The establishment clause of the first amendment prohibits jurists from respecting any establishment of religion or prohibiting the free exercise thereof and Barrett, despite her Roman Catholic and pro-life beliefs, has made it clear that her personal beliefs do not interfere with her judicial decisions.
“It seems to me that the premise of the question is that people of faith would have a uniquely difficult time separating out their moral commitments from their obligation to apply the law,” Barrett said, “and I think people of faith should reject that premise.”
Barrett goes on to say that separating personal convictions, regardless of religious affiliation, is something that all judges need to be vigilant in doing. “That’s a challenge for those who have faith and those that have no faith,“ Barrett said.
Neither Ginsburg nor Barrett allow politics to interfere with their interpretation of the law, however many believe that the nomination process is increasingly politicizing the court.
“The Trump administration has demeaned the process and undermined the legitimacy of the court [and] I’m afraid it will lead to court packing,” Ledewitz said, referring to the idea of expanding the court by increasing the number of justices.
The idea of court packing is not new. It was originally proposed by President Franklin D. Roosevelt in 1937, who wanted to expand the court from 9 to as many as 15 justices. With President Trump’s unprecedented push to have Barrett confirmed before the election, the idea of court packing is gaining popularity among democrats and is seen as a defensive move against republican actions.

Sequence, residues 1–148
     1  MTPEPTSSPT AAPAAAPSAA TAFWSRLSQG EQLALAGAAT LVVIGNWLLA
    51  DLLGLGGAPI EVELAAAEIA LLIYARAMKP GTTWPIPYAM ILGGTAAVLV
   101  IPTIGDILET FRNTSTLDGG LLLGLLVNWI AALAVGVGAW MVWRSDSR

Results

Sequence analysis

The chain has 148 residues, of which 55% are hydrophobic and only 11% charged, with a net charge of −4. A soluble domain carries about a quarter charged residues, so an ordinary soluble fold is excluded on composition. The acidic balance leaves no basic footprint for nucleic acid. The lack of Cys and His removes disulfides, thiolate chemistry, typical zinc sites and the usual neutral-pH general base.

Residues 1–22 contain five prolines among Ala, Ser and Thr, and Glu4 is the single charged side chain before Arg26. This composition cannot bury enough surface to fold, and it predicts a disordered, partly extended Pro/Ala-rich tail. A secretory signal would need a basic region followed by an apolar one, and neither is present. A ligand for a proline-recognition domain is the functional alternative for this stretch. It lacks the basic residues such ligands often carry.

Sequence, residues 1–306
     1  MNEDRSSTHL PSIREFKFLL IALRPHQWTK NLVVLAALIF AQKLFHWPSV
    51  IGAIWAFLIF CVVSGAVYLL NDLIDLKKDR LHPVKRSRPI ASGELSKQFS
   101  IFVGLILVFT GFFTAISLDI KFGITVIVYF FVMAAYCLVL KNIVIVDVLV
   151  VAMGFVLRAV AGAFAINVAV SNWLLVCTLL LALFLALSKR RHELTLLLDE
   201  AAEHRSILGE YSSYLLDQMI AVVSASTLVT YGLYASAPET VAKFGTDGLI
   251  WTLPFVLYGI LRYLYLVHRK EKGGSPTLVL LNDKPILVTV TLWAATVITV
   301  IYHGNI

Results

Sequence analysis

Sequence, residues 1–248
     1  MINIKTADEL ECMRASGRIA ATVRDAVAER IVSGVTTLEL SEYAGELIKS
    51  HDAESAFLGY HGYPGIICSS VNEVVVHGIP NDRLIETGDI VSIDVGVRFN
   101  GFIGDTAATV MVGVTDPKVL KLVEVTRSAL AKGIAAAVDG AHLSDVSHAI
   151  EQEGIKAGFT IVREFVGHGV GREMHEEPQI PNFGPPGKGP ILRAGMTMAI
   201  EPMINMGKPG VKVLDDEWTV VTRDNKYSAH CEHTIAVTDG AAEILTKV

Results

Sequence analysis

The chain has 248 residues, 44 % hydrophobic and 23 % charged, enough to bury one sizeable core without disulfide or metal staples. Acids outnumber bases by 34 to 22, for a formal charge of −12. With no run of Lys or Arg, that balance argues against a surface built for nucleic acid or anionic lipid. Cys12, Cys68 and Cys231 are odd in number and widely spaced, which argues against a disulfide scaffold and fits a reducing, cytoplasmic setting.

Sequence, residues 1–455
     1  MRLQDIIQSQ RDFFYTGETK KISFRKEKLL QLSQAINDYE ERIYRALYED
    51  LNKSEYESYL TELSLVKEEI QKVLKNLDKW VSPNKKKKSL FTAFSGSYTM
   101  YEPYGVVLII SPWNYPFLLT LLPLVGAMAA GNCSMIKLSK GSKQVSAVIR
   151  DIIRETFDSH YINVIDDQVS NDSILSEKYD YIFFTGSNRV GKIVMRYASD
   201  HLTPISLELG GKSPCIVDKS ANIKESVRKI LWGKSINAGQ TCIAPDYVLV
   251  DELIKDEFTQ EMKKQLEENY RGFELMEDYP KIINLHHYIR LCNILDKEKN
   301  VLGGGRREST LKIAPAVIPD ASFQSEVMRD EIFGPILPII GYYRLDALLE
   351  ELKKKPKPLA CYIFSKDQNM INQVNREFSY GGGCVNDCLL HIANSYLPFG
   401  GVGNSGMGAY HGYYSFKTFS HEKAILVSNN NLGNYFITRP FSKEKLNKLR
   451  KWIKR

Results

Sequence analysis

“The Constitution that results from a very strong president and a weak congress and a super strong court is one that is exactly what Donald Trump wants because it will support him,” Georgetown University’s Professor of Law, Victoria Norris said, one of the nation’s leading scholars on separation of powers. “That’s why we need to push back.”
Many of the concerns the United States faces today like racism and sexism have already been remedied by constitutional amendments as Barrett’s Originalist interpretation says they should be. Slavery ended with the 13th amendment and African American men were given equal protection under the law and the right to vote with the 14th and 15th amendments. Women were given the right to vote with the 19th amendment. So it would seem that ultimately the system worked and Barrett is right.
However, considering the country’s current social and political unrest (i.e., the murders of George Floyd and Briana Taylor, border detention centers for illegal immigrants, the resurgence of white supremacy groups, etc.) our freedoms are being threatened and violated on a daily basis.
Americans who want to retain these freedoms for everyone, and not just the [insert privileged group of choice here], need to remain vigilant and we need justices who will be vigilant for us.
Ruth Bader Ginsburg, the notorious RBG, was definitely a jurist who rose to the challenge, but could Amy Coney Barrett? My jury is still deliberating.